US says opposed to normalisation of 'brutal' Syrian regime after Assad's UAE visit

US says opposed to normalisation of 'brutal' Syrian regime after Assad's UAE visit
The US State Department said they would 'not lift or waive sanctions' on the Assad regime, after normalisation efforts.
2 min read
US State Department spokesman Ned Price stated the US will 'not express support for efforts' to normalise the Syrian regime [Getty]

The US is opposed to efforts to normalise the "brutal" Syrian regime after Bashar Al-Assad's recent visit to the UAE. 

US State Department spokesman Ned Price said in a statement to Al-Araby Al-Jadeed that the administration "has not and will not express any support for efforts to normalise or rehabilitate the... dictator Bashar al-Assad".

It comes following Assad's controversial trip to the UAE on Friday, which marked his first visit to an Arab country since Syria's civil war erupted in 2011 leading to hundreds of thousands being killed in brutal regime assaults on opposition areas.

Price said the US was "profoundly disappointed and troubled" by the UAE's hosting of the Syrian dictator.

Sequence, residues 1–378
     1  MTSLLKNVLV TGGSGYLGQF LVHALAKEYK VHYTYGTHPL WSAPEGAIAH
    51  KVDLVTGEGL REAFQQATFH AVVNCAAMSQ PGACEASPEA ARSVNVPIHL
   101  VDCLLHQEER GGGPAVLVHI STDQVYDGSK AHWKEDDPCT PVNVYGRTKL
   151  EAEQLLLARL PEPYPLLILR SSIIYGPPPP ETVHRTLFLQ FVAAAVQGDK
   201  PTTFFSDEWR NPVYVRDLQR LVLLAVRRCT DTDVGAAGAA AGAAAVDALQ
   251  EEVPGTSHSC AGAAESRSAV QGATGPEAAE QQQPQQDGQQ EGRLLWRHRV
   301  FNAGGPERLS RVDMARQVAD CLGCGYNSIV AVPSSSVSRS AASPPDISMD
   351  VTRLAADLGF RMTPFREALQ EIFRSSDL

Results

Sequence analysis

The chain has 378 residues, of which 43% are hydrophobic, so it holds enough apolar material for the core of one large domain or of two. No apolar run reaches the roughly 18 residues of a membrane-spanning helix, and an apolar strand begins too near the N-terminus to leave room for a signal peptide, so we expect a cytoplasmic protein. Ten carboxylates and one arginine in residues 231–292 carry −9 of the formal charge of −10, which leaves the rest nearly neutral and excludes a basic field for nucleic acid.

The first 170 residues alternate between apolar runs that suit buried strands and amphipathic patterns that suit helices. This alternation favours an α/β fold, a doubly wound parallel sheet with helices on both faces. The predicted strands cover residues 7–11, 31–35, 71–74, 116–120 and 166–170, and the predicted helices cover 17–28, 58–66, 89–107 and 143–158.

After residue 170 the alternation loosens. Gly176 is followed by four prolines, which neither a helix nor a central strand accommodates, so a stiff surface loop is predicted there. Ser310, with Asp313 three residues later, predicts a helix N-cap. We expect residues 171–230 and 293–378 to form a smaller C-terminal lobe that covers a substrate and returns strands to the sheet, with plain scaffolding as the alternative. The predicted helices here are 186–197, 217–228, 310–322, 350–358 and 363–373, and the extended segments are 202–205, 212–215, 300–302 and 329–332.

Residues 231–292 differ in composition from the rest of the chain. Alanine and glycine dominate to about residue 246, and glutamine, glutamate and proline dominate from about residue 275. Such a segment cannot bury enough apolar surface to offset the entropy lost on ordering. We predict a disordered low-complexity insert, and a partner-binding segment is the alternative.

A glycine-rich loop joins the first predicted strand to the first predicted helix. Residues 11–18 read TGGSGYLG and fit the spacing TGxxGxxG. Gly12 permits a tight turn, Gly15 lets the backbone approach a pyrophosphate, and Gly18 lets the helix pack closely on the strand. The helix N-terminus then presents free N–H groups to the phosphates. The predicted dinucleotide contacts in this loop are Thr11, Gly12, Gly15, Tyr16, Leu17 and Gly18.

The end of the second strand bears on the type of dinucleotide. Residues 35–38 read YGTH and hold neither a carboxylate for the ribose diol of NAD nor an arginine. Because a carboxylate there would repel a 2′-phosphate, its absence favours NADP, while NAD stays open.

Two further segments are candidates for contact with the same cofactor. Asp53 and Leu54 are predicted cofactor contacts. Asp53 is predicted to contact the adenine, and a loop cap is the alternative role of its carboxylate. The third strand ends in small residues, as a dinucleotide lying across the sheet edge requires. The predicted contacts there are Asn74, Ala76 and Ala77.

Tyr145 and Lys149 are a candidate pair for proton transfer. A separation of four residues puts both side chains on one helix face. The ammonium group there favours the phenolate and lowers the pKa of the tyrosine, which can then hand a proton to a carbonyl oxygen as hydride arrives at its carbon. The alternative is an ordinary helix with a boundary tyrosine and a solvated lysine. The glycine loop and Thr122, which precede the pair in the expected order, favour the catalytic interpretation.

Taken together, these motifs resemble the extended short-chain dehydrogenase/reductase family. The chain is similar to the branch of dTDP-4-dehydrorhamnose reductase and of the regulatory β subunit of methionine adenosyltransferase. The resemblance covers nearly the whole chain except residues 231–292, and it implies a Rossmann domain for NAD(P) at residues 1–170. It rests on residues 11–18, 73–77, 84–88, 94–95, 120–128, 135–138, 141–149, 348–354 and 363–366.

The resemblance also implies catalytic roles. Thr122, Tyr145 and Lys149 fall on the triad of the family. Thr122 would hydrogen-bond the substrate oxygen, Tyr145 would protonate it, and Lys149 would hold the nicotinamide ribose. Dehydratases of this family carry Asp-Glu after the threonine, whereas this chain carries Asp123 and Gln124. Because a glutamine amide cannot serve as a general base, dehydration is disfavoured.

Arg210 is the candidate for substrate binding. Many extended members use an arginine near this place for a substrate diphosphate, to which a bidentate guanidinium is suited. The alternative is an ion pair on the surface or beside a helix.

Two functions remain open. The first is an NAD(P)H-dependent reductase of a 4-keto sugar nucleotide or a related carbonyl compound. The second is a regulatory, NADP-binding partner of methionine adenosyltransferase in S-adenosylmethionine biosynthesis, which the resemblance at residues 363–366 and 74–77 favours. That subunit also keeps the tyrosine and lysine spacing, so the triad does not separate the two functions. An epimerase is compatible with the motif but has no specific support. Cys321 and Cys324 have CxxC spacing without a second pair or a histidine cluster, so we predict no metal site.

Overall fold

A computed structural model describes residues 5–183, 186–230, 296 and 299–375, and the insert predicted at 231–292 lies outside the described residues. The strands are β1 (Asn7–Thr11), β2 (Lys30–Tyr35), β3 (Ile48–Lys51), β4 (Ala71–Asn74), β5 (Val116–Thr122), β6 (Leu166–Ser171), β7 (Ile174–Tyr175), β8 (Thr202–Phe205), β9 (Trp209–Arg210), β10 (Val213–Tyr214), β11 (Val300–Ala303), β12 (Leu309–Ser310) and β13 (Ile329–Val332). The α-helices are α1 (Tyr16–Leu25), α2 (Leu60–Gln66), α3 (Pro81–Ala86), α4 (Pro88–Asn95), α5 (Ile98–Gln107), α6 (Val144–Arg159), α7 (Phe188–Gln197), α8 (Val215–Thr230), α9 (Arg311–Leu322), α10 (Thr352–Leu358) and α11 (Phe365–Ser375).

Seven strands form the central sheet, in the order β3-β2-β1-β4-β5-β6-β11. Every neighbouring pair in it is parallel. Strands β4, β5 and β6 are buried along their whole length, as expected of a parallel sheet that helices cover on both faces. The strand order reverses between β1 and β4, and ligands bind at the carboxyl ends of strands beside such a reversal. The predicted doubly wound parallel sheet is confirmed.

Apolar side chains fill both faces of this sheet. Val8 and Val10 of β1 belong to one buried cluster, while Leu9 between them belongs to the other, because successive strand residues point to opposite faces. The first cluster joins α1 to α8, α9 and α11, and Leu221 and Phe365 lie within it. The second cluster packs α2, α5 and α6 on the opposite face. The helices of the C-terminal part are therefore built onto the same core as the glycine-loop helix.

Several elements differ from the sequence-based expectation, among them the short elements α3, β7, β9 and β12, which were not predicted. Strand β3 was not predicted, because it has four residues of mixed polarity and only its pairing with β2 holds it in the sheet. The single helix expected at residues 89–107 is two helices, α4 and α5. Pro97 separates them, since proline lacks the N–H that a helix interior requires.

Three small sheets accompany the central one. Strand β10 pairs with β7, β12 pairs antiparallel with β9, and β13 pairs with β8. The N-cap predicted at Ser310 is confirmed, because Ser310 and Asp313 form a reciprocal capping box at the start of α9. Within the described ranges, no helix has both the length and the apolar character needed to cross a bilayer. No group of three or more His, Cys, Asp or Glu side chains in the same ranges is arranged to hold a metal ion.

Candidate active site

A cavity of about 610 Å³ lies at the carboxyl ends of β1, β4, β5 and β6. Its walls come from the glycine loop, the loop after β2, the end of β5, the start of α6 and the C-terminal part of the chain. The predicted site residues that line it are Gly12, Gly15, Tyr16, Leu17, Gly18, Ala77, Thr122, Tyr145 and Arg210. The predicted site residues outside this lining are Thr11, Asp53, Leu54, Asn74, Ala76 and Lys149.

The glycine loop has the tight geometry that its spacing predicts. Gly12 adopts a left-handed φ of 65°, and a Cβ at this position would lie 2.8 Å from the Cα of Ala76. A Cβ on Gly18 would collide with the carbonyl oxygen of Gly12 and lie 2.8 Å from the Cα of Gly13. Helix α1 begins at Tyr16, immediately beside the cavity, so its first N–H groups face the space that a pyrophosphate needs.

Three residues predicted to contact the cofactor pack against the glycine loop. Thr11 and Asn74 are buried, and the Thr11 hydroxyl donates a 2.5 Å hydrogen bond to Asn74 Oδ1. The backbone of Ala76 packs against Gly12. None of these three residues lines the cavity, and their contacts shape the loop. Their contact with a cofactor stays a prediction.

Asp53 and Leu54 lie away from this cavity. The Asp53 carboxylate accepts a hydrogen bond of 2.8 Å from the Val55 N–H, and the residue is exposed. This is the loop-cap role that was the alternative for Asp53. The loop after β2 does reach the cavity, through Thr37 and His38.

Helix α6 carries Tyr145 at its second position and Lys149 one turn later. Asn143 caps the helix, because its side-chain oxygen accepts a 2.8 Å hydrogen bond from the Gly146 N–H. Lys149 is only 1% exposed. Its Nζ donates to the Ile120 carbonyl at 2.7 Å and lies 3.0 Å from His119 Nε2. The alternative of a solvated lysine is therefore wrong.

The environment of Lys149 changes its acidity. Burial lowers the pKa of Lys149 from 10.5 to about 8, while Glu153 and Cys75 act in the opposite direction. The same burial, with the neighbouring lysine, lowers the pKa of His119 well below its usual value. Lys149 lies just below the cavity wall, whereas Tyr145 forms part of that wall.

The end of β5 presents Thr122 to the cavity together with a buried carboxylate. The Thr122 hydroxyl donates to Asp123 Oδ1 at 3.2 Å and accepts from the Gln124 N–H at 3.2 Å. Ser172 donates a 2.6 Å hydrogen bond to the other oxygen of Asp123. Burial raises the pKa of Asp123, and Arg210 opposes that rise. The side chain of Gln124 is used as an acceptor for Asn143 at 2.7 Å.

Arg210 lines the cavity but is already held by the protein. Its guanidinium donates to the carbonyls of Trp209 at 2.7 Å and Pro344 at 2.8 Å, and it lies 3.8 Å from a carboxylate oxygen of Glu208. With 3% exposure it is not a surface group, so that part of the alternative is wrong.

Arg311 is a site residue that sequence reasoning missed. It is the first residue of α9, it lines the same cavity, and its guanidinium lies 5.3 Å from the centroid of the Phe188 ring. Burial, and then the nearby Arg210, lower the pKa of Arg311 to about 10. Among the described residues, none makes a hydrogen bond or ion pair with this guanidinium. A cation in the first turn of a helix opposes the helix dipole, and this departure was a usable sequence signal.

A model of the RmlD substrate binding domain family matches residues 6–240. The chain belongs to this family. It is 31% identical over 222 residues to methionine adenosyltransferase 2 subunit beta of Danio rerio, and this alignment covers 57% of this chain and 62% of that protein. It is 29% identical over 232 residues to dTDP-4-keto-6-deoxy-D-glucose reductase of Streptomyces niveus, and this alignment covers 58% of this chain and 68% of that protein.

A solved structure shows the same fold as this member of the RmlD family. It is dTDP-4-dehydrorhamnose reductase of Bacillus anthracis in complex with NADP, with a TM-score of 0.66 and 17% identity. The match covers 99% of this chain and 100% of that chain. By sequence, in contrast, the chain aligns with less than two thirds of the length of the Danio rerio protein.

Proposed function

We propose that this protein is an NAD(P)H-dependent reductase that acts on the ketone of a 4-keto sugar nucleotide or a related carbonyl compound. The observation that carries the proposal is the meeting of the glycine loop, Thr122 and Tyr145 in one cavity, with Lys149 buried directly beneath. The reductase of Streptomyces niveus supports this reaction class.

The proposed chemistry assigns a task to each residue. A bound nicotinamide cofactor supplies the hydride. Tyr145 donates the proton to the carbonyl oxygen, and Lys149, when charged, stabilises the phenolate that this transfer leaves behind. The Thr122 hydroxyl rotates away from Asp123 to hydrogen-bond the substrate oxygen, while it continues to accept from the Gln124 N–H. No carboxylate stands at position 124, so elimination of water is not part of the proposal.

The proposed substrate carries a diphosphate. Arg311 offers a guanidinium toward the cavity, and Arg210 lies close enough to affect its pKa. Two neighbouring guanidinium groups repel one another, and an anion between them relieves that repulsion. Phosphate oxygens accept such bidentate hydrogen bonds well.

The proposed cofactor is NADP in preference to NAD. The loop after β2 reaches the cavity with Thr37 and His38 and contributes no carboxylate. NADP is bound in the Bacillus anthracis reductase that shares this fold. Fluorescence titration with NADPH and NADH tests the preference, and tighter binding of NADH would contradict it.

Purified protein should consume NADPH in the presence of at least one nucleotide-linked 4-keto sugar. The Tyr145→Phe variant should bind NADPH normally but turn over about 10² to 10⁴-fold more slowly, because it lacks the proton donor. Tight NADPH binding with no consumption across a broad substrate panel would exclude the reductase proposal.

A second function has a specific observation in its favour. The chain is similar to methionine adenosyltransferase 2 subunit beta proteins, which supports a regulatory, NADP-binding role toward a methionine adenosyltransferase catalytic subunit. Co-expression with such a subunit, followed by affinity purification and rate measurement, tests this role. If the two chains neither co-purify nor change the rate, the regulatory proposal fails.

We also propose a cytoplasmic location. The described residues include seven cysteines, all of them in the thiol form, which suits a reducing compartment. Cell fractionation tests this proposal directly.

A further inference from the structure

"The United States will not lift or waive sanctions [on Syria] and will continue to impose new sanctions as necessary," Price told Al-Araby Al-Jadeed.

"The US government remains focused on putting pressure on Assad by working with the international community to hold the brutal dictator and his regime accountable for the atrocities he committed against his own people, some of which amount to war crimes," another anonymous State Department spokesman told Al-Araby Al-Jadeed.

The department said they will attend the seventh round of constitutional committee talks on Syria - which resumed this week - where they plan to "work with allies, partners and the international community to advance a Syrian-led decision" on how to achieve progress in the war-torn country.

"We believe that stability in Syria... can only be achieved through a political process that represents the will of all Syrians," the State Department said.

Assad's visit to the UAE was considered to be another serious step toward normalisation of Assad after around 100 countries cut diplomatic relations with the regime following its brutal crackdown on the pro-democracy Syrian uprising in 2011.

Over 500,000 deaths have been estimated as a result of the war and more than five million Syrians were forced to flee to neighbouring countries.